Why this mum won’t call her son a ‘rainbow baby’

"I would focus on him solely, as his own person, not as a product of the loss and sadness I'd felt right before him"

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The term ‘rainbow baby’ has become more and more popular over recent years.

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It refers to a baby born after the loss of a child through (usually) stillbirth or miscarriage.

And many, many mums we know have found it to be a helpful phrase to communicate the loss they’ve had. One mum even designed a rainbow t-shirt to encourage parents to talk about loss.

And another mum did an incredible rainbow-themed photo shoot, which pretty much broke the internet, to celebrate her ‘rainbow’ pregnancy.

So here at MFM HQ, as it’s become something we’ve heard so much about as a good thing (because it allows people to open up about what they’ve been through), we were interested to hear a different perspective on it from mum Angie Grace, writing for Romper.

Angie already had 3 children – a 9 year-old girl, and 6-year-old twin girls – when she and her husband decided to try for another.

She had experienced a miscarriage, when her oldest child was 2, then went on to have her twins.

When she had a 2nd miscarriage, while trying for a 4th child, she came across the term ‘rainbow baby’ on various online community groups and message boards.

And at this point, she says, she had “mixed feelings” about the term.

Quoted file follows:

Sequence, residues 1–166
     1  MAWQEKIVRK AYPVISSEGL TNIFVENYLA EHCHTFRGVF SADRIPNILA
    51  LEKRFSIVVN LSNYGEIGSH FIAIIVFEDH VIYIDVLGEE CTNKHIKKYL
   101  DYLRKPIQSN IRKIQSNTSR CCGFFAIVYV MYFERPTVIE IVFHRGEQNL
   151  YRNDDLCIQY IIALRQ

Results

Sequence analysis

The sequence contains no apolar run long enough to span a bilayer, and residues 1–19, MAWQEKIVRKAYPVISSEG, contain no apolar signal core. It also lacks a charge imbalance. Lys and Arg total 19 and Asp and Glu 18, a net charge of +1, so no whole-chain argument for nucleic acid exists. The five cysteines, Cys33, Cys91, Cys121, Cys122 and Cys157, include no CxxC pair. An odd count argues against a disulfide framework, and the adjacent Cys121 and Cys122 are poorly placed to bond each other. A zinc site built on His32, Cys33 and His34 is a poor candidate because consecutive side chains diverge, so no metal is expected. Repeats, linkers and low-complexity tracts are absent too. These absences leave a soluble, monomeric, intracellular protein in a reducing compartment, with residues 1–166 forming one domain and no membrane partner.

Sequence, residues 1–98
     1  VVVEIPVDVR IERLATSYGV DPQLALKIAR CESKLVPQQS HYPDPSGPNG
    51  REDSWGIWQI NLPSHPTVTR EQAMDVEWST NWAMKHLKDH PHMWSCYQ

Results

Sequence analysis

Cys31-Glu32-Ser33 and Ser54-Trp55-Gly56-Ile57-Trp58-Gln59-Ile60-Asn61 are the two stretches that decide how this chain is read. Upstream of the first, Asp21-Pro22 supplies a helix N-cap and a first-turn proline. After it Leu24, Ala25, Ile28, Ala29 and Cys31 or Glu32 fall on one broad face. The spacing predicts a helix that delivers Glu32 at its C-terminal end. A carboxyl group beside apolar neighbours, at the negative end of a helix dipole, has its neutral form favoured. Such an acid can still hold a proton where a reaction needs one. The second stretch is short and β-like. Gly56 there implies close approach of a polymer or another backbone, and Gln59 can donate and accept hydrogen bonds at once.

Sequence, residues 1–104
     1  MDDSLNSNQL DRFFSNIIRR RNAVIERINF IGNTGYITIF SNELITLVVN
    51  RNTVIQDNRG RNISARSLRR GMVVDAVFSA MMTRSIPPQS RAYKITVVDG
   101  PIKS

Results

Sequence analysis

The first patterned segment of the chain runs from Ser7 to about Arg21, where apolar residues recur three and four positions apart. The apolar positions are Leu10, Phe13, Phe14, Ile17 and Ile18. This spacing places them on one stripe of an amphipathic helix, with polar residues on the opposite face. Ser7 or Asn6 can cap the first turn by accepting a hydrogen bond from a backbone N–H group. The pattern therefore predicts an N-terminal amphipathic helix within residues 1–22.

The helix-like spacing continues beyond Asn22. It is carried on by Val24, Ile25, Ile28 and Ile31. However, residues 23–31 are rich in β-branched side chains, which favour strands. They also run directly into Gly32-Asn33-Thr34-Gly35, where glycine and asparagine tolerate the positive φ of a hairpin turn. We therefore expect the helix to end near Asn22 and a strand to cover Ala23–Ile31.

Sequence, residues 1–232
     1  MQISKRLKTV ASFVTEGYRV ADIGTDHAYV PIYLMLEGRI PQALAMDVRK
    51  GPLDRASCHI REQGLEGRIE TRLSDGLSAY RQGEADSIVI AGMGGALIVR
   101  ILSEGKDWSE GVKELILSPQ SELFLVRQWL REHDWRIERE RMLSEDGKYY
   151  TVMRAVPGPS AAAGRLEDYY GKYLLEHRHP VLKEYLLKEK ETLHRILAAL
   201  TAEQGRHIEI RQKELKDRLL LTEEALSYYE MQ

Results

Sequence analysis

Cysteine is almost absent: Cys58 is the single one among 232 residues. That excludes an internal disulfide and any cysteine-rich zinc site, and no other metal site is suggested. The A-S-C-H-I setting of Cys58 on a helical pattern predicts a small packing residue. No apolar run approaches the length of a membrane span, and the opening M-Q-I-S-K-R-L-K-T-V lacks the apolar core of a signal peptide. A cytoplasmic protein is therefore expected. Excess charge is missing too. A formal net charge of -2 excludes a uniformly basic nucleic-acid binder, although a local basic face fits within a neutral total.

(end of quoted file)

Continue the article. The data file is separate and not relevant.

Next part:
“I thought the sentiment was sweet, but most of the posts focused so much on the loss and the sadness associated with it,” she writes.

“So when my fourth child was finally born, I decided not to refer to him as my rainbow baby. I would focus on him solely, as his own person, not as a product of the loss and sadness I’d felt right before him.

“That said, I understand why women who have lost a pregnancy use the term ‘rainbow baby’. Finding out that your pregnancy will not continue is an incredibly dark moment, and knowing there is a rainbow after the storm probably helps a lot of women deal with the pain.

“But I feel uncomfortable with the term, because it serves as a constant reminder of the loss I felt before the birth of my son. I don’t want to look at his smiling face and think, “You’re here because another baby isn’t.”

“To me, the term is steeped in grief and darkness. I’d rather live my life, with my children, in the light.”

We have to say, we’ve not heard a mum express this side of things before, so thought Angie’s story was well worth sharing, and we really respect what she’s said.

On the other side of the coin, we reckon that if using the language of a ‘rainbow baby’ has helped you to open up or talk about painful experiences, then that’s really important too.

Each to their own ?

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